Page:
Loner James Malloy is a ferry captain―or used to be, until he was unceremoniously fired and replaced by a girl named Courtney Farris. Now, instead of piloting Brenton Island’s daily lifeline to the glitzy docks of Newport, Rhode Island, James spends his days beached, bitter, and bored.
When he discovers a private golf course staked out across wilderness sacred to his dying best friend, a Narragansett Indian, James is determined to stop such “improvements.” But despite Brenton’s nickname as “Cooperation Island,” he’s used to working solo. To keep rocky bluffs, historic trees, and ocean shoreline open to all, he’ll have to learn to cooperate with other islanders―including Captain Courtney, who might just morph from irritant to irresistible once James learns a secret that’s been kept from him for years.
This salt-sprayed fourth novel by 2004 Olympic Sailor Carol Newman Cronin celebrates wilderness and water, open space and open-mindedness, and the redemptive power of neighborly cooperation.
All of my novels share three common elements: a coastal setting, boats, and a happy ending. In other words, #coastalfiction! I’m represented by April Eberhardt Literary, and my next book, Ferry to Cooperation Island, comes out in June 2020.
I’ve also written several award-winning stories about boating adventures and waterfront personalities. To learn more, and to receive a weekly post about Where Books Meet Boats, visit http://www.carolnewmancronin.com. Thanks for reading!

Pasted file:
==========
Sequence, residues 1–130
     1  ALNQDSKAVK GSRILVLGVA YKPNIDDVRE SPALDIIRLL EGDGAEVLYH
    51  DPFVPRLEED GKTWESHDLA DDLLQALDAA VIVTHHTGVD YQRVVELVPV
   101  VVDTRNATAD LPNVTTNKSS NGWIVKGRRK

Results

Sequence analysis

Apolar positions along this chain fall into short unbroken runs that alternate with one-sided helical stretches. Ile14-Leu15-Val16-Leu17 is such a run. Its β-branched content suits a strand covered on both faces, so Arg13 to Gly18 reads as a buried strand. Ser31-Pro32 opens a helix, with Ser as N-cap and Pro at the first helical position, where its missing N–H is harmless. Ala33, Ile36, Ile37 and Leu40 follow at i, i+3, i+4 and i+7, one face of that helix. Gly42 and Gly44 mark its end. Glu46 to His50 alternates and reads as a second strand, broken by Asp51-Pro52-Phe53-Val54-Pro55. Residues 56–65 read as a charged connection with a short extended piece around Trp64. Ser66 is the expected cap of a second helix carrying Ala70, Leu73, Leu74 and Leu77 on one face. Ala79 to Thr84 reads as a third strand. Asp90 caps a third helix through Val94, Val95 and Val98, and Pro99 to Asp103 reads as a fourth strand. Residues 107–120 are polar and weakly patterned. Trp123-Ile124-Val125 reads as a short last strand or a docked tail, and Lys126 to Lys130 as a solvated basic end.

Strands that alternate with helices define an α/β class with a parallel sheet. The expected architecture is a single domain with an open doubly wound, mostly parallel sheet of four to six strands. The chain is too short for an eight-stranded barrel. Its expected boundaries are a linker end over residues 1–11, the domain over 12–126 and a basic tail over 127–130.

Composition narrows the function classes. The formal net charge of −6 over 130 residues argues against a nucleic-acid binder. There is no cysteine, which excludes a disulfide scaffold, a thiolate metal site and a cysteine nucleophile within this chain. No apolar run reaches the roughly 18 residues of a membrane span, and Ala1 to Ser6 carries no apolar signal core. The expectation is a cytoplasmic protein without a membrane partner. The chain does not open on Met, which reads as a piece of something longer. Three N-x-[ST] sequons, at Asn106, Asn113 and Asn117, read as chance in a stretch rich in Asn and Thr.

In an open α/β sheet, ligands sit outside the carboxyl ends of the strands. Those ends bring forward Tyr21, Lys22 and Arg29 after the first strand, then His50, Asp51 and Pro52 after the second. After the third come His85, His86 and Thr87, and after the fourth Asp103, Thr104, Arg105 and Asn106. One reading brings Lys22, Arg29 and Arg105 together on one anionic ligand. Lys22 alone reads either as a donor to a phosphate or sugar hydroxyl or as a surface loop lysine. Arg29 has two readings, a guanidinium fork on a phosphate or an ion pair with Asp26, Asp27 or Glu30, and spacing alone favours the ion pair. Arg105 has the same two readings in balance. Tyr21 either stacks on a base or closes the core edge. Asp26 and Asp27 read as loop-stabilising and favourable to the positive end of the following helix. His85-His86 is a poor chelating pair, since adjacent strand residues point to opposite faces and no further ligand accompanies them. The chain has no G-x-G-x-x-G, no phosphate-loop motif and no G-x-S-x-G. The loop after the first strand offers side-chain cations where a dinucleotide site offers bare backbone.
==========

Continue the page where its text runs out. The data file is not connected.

Cronin characterizes her genre as “coastal fiction,” and while Ferry to Cooperation Island is definitely a fun, breezy summer read, there was more to it. First of all, I was intrigued by Brenton Island, which was invented by the author. The details and location were very realistic, and I’m disappointed that I can’t visit and chat with the locals while enjoying a coffee at the “Bean.” All of the details of the ferry, the tides and the terrain were well-researched, and I could smell diesel each time the tired ferry left the pier.
There was some predictability as to who would end up with whom, but how that eventually happened was a lot of fun. It was also fairly clear early on who the “good guys” and “bad guys” were, and I would like to have experienced more depth of the characters, which can be hard to achieve with a multi-viewpoint structure.
What I loved the most was how Cronin envisioned and incorporated the Narragansett history and relationship between the few remaining Narragansetts, the local white population and the tourists on the island. Her portrayal of the evolution of this history from the days of a literal dividing line to a literal and figurative fading of that line were fascinating. That aspect added depth that took this beyond a beach read for me, and made me eager to learn more. I recommend Ferry to Cooperation Island.
2.5 The world building was very convincing but I didn't get drawn into the characters at all, and this was a fatal fact for a character driven book. However the only major fault I can find was that it was moderately predictable.